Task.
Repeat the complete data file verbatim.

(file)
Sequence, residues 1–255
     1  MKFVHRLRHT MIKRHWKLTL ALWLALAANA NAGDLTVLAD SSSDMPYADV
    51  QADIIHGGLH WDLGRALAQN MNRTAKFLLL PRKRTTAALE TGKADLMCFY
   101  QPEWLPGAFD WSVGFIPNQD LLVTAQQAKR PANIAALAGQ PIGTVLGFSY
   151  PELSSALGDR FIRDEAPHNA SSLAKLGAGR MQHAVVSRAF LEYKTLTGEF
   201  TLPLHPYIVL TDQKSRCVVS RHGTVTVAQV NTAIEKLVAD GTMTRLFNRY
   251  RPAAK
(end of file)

Sequence, residues 1–255
     1  MKFVHRLRHT MIKRHWKLTL ALWLALAANA NAGDLTVLAD SSSDMPYADV
    51  QADIIHGGLH WDLGRALAQN MNRTAKFLLL PRKRTTAALE TGKADLMCFY
   101  QPEWLPGAFD WSVGFIPNQD LLVTAQQAKR PANIAALAGQ PIGTVLGFSY
   151  PELSSALGDR FIRDEAPHNA SSLAKLGAGR MQHAVVSRAF LEYKTLTGEF
   201  TLPLHPYIVL TDQKSRCVVS RHGTVTVAQV NTAIEKLVAD GTMTRLFNRY
   251  RPAAK